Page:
Submitted by Maria.Kapsalaki on Tue, 03/22/2016 - 11:04
In determining ventilation rates, it is often necessary to combine naturally-driven ventilation, such as infiltration, with mechanical systems. Modern calculation methods are sufficiently powerful that this can be done from first principles with time varying flows, but for some purposes simplified methods of combining the mechanical and natural ventilation are required—we call this “superposition”. An example of superposition would be ventilation standards that may pre-calculate some quantities within the body of the standard.
A simple model is developed for the estimation of annual rates in single-family houses using indicators for both house tightness (air changes at 50 Pa) and site climate (the leakage-infiltration ratio). This technique is best suited to low-accuracy, large data set problems where detailed data are not available. The method is similar to the method attributed to Kronvall and Persily (ie, the K-P method), but is derived from a physical model, the LBL infiltration model.
Fan pressurization techniques are being employed by an increasingly large number of contractors and auditors to determine the leakage characteristics of structures. In this study, a large data base of flow exponents and flow coefficients are compiled to determine the degree of correlation that exists between flow parameters. The resulting empirical relationships are then used to determine the feasibility of predicting these flow parameters directly from a single pressure difference test. On the basis of these correlations, a new pressure independent tightness parameter is proposed.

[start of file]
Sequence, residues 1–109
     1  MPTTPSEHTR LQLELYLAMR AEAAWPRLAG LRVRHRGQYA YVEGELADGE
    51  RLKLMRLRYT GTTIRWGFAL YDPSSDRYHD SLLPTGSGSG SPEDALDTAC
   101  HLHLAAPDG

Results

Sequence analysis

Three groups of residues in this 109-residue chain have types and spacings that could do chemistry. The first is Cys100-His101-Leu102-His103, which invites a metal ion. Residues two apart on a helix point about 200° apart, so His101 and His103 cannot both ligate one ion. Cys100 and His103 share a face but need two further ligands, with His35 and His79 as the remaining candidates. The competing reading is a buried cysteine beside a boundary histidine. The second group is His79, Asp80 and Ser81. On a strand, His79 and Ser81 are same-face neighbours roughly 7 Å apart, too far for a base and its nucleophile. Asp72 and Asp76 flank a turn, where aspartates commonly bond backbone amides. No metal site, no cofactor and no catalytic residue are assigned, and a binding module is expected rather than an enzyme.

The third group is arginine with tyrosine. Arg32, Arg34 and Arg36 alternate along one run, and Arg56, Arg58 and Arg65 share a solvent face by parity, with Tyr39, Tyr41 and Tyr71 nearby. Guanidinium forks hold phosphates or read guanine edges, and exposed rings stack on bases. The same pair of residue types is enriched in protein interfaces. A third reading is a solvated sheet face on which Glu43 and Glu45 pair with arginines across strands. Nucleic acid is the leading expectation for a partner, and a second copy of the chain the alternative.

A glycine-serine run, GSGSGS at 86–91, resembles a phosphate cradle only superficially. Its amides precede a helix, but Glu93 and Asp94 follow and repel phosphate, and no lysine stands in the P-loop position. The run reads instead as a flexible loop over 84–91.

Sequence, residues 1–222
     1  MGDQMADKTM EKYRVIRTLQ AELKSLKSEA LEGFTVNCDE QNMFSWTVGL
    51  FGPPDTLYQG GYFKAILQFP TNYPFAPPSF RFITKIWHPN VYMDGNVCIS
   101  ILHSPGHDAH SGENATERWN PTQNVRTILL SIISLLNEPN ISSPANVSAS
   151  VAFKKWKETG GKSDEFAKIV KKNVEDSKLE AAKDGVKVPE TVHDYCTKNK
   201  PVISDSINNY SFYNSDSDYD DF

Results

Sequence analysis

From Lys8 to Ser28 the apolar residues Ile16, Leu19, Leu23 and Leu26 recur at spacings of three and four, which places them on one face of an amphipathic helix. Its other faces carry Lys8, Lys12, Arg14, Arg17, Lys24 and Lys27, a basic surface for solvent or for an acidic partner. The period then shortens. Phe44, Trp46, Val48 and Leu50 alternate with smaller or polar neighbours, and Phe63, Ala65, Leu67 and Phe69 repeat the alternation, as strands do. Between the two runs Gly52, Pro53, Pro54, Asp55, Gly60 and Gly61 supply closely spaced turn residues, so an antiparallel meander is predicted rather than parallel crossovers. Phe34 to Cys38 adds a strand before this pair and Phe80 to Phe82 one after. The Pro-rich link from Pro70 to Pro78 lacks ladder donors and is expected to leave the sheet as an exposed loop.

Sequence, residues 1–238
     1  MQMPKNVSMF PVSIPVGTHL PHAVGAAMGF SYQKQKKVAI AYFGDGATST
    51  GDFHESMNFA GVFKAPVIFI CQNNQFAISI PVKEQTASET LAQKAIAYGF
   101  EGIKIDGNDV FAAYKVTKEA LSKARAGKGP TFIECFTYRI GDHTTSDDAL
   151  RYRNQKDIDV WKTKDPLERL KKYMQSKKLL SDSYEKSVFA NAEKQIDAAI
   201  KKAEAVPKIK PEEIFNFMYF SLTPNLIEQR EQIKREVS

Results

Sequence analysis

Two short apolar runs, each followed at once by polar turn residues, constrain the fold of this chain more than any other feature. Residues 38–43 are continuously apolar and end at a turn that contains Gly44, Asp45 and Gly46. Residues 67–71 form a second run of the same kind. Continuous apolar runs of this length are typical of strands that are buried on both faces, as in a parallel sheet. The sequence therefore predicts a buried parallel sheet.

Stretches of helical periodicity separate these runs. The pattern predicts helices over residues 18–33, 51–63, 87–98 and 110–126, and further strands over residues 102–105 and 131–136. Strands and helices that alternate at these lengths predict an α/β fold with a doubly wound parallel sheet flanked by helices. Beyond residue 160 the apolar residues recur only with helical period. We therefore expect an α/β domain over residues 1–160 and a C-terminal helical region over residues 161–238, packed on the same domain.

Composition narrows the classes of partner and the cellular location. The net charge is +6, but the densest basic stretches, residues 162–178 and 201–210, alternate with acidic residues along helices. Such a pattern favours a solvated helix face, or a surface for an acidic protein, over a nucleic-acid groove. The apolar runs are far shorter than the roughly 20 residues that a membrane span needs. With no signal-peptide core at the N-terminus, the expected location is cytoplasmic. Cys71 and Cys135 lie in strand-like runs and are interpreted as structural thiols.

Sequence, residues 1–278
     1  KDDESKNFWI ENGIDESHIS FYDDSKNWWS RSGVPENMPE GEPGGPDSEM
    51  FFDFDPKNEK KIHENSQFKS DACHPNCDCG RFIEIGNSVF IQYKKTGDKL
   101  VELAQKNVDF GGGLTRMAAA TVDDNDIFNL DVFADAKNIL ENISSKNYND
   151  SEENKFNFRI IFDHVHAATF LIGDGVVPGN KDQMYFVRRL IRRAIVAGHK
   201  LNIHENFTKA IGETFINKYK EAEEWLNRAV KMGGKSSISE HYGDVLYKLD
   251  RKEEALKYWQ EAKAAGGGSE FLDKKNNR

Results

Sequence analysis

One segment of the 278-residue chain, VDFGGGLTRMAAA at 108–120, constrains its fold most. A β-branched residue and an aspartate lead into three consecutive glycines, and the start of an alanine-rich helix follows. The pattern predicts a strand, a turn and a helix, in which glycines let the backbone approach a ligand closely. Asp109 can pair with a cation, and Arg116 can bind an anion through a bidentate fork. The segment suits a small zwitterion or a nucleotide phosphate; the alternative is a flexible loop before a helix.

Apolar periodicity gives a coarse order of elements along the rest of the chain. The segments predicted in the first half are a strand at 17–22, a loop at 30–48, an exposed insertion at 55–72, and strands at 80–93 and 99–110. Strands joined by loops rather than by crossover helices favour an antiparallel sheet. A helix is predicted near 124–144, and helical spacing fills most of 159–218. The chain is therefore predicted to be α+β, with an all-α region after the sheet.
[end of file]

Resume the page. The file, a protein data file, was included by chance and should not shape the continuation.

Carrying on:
This environmental information handbook was prepared to assist both the non-technical reader and technical persons, such as researchers, policy analysts, and builders/designers, understand the current state of knowledge regarding combustion so
Outlines the foundations for calculating and designing natural ventilation: conditions for the building unit: technological prerequisites: components: sound insulation: calculation methods: fields of application: combination of mechanical and natural ventilation: and models for optimization of new buildings and for reconstructing factories.
The investigation was divided into several parts: 1, measurements of a mechanical ventilation system, 2, calculation model for this system, 3, measurements of the air leakage of the facades of a flat and 4, calculation model for this flat.
Reviews air infiltration measurement methods, prediction models, and flow through components of buildings. Attempts to construct a device capable of measuring air flow through a building component under a given pressure difference and to investigate the existence of a coefficient which, when multiplied by the pressure difference, raised to an exponent, will yield the air flow through that component. Components were tested under differing pressure differences and the testing device was calibrated by a tracer gas technique.
A comparison of various ventilation strategies and their effect on air infiltration using a pair of experimental single family size houses. Discusses natural ventilation with and without ventilation grilles in the windows, centralized and decentralized mechanical ventilation. Concludes that mechanical ventilation is not economic at present energy prices.